In Margaret Edison’s Wit, Vivian Bearing is a tough as nails teacher of 17th century poetry specializing in John Donne. She also has just been told that she has stage four cancer; “there is no stage five” she tells the audience.
Suggesting she participate in an experimental cancer treatment, Vivian is introduced to two people who become entwined in her life in the hospital: researcher Dr. Jason Pozner, a former student who is a callous as she is, and primary nurse Susie, who still has her youthful idealism.
Because Vivian is a brilliant scholar who is also uncompromising and unsympathetic she has not built up any lasting relationships, so no one comes to visit her during her arduous treatment. It’s heartbreaking.
John Webber’s striking set towers over the action like crashing waves pouring from either side. One side is a like a large white hospital sheet and the other a flurry on over sized papers signifying hospital charts and student essays. On stage is a single hospital bed and other equipment is wheeled out as needed during the barrage of hospital tests.
Director Angela Konrad has assembled a wonderful cast centered on the magnetic Katharine Venour, who makes Vivian stoic and droll and always likeable. Dan Amos plays the fussy Dr. Pozer with distracted charm, and Julie Cassleman gives a gentle performance as the warm hearted Susie.
Artistic Director Ron Reed brings a curt but genial quality to Dr. Kelekian and Erla Faye Forsyth is simply brilliant in the small role Vivian teacher, the only person to visit her in the hospital.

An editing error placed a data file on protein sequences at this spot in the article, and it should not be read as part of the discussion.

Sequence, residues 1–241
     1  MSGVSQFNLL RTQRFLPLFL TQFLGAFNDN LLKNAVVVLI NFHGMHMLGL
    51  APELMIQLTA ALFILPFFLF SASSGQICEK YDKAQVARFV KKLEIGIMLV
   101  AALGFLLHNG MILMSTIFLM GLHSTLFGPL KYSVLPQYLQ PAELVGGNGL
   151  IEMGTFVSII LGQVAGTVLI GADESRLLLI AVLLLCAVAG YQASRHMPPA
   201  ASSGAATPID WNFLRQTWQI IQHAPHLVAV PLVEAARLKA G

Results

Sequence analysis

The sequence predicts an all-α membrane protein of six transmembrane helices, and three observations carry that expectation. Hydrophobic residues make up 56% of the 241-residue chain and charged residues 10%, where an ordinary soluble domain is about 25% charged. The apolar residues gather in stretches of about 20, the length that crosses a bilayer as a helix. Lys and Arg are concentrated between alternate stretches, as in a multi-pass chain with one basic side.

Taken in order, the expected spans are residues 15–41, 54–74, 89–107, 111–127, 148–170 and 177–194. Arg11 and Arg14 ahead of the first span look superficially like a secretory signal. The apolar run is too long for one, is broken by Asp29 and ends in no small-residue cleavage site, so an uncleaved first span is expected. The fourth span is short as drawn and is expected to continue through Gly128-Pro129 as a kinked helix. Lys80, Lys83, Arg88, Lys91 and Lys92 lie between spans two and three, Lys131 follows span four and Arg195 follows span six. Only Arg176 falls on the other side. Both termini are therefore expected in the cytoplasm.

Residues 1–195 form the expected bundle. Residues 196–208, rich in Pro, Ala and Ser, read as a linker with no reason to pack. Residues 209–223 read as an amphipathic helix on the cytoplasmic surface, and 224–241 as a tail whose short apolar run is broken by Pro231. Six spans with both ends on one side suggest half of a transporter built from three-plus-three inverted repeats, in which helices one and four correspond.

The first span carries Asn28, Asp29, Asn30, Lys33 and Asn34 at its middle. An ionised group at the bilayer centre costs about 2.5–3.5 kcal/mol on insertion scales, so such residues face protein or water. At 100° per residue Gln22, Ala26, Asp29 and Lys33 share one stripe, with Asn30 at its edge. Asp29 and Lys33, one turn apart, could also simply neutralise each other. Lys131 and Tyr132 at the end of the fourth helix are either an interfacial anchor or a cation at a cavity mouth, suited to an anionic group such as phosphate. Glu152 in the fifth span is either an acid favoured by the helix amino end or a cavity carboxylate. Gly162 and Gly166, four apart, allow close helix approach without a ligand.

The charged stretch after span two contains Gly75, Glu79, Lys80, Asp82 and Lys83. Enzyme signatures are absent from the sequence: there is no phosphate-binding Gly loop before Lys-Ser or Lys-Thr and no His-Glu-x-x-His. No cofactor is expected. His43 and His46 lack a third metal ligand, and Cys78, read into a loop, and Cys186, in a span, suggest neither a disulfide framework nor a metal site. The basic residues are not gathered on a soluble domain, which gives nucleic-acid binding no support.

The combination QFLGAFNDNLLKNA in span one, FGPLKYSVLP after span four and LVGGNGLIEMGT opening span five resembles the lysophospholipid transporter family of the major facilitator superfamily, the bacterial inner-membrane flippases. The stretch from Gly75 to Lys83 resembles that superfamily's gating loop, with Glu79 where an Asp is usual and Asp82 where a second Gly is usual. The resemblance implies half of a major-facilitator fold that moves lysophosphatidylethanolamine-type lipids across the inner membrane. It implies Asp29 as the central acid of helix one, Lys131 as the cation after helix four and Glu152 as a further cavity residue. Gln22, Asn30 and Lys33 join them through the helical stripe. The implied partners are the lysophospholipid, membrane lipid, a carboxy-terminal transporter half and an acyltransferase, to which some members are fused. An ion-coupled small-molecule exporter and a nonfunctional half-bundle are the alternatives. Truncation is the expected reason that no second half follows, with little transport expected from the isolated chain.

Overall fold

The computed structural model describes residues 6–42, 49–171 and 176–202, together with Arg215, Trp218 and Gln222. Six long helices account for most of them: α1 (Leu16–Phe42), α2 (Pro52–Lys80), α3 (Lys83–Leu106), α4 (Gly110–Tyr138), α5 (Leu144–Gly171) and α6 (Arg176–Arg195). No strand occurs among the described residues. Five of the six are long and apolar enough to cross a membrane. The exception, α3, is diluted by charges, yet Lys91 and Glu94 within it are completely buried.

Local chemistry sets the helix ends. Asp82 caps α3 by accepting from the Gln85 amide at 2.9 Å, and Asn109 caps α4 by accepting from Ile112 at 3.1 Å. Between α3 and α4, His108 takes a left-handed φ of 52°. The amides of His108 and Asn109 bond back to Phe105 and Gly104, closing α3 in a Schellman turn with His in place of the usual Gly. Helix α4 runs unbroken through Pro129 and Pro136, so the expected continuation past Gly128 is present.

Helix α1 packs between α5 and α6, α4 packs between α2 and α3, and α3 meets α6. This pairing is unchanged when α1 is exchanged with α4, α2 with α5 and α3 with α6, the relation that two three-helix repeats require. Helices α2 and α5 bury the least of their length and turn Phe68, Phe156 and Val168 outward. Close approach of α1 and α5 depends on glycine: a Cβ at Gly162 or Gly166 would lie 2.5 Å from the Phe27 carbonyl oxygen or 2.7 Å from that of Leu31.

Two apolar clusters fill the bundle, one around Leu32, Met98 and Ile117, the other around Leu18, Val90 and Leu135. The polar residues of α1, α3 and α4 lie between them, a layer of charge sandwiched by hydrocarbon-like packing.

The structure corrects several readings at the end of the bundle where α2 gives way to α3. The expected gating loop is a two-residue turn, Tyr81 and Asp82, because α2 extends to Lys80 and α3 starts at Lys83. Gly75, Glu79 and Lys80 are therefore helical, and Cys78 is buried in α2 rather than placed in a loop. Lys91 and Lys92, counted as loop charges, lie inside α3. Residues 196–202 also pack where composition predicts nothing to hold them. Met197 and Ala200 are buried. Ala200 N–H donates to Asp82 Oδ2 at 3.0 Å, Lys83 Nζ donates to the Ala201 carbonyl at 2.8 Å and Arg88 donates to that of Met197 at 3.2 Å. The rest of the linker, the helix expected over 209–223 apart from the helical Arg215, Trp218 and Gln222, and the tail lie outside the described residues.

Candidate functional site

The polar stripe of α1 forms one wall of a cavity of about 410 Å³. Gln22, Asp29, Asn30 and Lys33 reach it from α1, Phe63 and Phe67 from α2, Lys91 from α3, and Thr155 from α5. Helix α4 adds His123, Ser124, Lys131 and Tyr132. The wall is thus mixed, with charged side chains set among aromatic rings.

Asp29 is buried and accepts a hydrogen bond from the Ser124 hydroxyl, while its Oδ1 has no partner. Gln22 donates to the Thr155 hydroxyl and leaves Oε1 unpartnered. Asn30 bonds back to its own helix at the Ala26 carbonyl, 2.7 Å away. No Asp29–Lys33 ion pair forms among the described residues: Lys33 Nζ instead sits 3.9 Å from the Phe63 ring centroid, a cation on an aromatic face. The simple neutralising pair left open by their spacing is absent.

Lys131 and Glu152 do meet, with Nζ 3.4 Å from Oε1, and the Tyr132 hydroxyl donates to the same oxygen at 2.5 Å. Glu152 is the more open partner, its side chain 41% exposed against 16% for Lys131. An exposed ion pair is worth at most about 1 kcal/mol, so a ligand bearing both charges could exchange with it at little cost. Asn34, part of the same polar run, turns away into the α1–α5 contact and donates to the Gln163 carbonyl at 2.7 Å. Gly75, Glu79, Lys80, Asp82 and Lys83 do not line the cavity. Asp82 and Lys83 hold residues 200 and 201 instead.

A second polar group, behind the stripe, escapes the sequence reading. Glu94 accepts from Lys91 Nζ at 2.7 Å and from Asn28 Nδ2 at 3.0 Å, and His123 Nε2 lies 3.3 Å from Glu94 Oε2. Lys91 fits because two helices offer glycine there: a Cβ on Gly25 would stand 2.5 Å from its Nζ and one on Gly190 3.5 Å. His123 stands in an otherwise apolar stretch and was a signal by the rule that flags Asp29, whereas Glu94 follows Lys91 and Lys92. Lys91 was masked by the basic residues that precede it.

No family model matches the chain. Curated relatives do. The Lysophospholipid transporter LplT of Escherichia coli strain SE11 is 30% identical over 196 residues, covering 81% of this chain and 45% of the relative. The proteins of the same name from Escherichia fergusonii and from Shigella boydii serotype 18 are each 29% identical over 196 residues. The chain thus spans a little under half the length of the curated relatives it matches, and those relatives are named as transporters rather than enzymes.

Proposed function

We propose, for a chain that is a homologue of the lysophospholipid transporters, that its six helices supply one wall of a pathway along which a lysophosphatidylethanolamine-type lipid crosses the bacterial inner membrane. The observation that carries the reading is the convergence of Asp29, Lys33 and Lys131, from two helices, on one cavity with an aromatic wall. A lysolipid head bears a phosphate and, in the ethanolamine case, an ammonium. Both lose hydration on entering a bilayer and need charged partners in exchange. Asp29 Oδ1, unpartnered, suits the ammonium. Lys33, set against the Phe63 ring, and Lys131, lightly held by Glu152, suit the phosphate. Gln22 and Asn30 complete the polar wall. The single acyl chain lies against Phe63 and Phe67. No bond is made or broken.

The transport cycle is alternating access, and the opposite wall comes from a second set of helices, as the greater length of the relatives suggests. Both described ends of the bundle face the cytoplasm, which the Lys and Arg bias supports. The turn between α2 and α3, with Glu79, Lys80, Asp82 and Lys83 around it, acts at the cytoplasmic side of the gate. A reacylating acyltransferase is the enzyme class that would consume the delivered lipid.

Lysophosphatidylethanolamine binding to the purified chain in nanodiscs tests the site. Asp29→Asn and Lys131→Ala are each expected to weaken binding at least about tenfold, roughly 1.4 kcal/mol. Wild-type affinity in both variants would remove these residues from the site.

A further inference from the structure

The ensemble of actors – Julia Siedlanowska, Jess Amy Shead, Brandon Bate and Baraka Rahmani – play various hospital staff as well as Vivian’s students in flashbacks. Ms. Konrad has them appear with military precision as they whisk hospital equipment on and off stage.
Near the beginning of the show Vivian tells us “I think I die at the end of the play”, and as she transforms from cold taskmaster to vulnerable patient we can’t help but be moved by her plight.
Having seen Wit previously when it devastated me, I am not sure if it is my familiarity the material, but this time out this Pulitzer Prize winning play felt more like a really great Hallmark movie; it was moving, but not profound.
Regardless, it is a very tender story about a powerful and tragic woman, wrapped in a handsome production, with a luminous cast.
Wit by Margaret Edison. Directed by Angela Konrad. A Pacific Theatre production. On stage at Pacific Theatre (1440 W 12th Ave, Vancouver) until June 11. Visit http://pacifictheatre.org for tickets and information.